It has been common practice in NZ for trustees distributing income to beneficiaries (typically those on a lower marginal tax rate) not to distribute the cash, but to leave the amount outstanding, thereby creating a beneficiary credit current account.

Two issues arise with that practice.

First, if the current account has been in place for many years, there can be an issue as to whether IRD will regard the transactions as a proper distribution of beneficiary income. It may be that the current account should be paid out in cash or a distribution of assets to ensure the efficacy of the earlier tax efficient distributions.

Second, the definition of settlor has recently been widened to include beneficiary’s with current accounts exhibiting certain features. Being a settlor of a trust in these circumstances may give rise to inadvertent tax implications, as explained below.

From 1 April 2020 a new definition of settlor in HC 27 of the Income Tax Act 2007 applies. Broadly, it provides that a beneficiary with a current account balance will not become a settlor of the trust if:

  • the trustee pays interest to the beneficiary on the current account balance at a rate equal to or greater than the prescribed rate of interest, or
  • the amount owing to the beneficiary at the end of the income year is not more than $25,000.

IRD have changed its published view on this issue in the past few years. Hence the amendment is not retrospective and IRD have issued an Operational statement to clarify their position where a taxpayer has relied on IR’s previous position i.e. for current accounts up to 31 March 2020.

If a beneficiary’s current account qualifies a beneficiary as a settlor of the trust, several potentially adverse tax implications could arise, such as:

  • Where is the beneficiary currently resident? Could this affect the tax classification of the trust?
  • If the beneficiary is planning to emigrate, could the beneficiary’s treatment as a settlor for NZ tax purposes be replicated in the new country and potentially drag the trust into that other country’s tax, capital gains tax or inheritance tax regime?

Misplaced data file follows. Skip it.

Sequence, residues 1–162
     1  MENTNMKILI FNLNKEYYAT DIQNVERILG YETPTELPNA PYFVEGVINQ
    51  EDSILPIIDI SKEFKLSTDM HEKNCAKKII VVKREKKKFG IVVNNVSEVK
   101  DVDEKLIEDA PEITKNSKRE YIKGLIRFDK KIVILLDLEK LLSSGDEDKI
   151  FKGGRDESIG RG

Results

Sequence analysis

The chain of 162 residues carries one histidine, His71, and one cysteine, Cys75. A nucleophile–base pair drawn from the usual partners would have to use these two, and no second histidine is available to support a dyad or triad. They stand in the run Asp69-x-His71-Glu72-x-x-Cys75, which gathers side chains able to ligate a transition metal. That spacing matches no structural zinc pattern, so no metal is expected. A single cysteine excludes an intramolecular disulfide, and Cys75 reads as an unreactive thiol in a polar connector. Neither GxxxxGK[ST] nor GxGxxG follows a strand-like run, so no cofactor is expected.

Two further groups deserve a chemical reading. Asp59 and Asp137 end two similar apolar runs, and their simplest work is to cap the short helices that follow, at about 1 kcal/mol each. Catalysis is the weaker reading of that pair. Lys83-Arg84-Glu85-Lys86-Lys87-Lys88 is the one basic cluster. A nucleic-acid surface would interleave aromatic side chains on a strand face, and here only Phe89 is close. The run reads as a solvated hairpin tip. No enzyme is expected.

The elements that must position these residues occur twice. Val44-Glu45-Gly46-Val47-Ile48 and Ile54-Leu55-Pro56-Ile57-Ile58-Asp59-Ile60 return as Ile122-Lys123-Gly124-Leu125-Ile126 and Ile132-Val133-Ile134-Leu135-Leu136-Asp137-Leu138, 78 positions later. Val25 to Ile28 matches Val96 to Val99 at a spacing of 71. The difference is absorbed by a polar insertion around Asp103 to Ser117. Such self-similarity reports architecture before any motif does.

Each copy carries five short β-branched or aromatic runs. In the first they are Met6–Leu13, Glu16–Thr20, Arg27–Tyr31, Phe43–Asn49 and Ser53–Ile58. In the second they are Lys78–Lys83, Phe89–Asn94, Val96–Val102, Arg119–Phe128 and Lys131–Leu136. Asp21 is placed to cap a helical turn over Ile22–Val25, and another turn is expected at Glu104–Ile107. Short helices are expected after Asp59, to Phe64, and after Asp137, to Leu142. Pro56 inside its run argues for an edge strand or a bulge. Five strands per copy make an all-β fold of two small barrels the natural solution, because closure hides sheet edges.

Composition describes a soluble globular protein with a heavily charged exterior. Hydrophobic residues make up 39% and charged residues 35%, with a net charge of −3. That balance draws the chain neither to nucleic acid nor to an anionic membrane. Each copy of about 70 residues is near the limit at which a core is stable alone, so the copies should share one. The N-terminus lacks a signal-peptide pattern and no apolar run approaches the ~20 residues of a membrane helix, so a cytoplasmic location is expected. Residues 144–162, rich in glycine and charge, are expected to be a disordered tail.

• Is the trust or the beneficiary in the business of dealing or developing land, or in the business of building ,as tainting issues could arise.
  • Will the addition of another settlor affect the trust’s main home exclusion for the bright line test as it applies to residential land?
  • Could the imposition of settlor status affect Working for Families Tax Credits, or other social security benefits received by the beneficiary.
  • Will the new settlor be liable as agent for an income tax liability of the trustee?

Trustees may consider taking steps to reduce any current account below the threshold by making cash or asset distributions to the beneficiary before the end of the 2021 tax year. This coincides with the fact that adult beneficiaries will have a legislative right to receive copies of the trust’s financial statements by January 2021, thereby placing potential pressure on trustees to release the funds to the beneficiary. Reducing the current account balances below $25,000 would alleviate the need to pay interest on a beneficiary’s current account, which is generally not that desirable given the tax inefficiency.

Alternatively, given the new changes being introduced by the Trusts Act from January 2021, trustees may consider whether it’s worthwhile retaining the trust, and if they decide to wind up the Trust any potential tax implications will need to be addressed.

Winding up tax issues that arise can include triggering a new acquisition date for residential property under the 5 year bright line rules, depreciation recovery on accumulated depreciation, the potential forfeiture of tax losses in the trust itself, the impact a change of ownership will have on foreign investments, and for companies owned by the trust potential shareholder continuity breaches for maintaining imputation credits and tax losses. If the trust is GST registered there can be a cost if the recipient is not GST registered.

If retention of the trust is the preferred course, it would be appropriate to review the trust deed in light of the impact of provisions contained in the new Trusts Act, and from a trust tax perspective to ensure that the accumulation clause for beneficiary income has been amended to accommodate the extended period, and that the trust deed provides for an ability to distribute deemed tax law income as beneficiary income.

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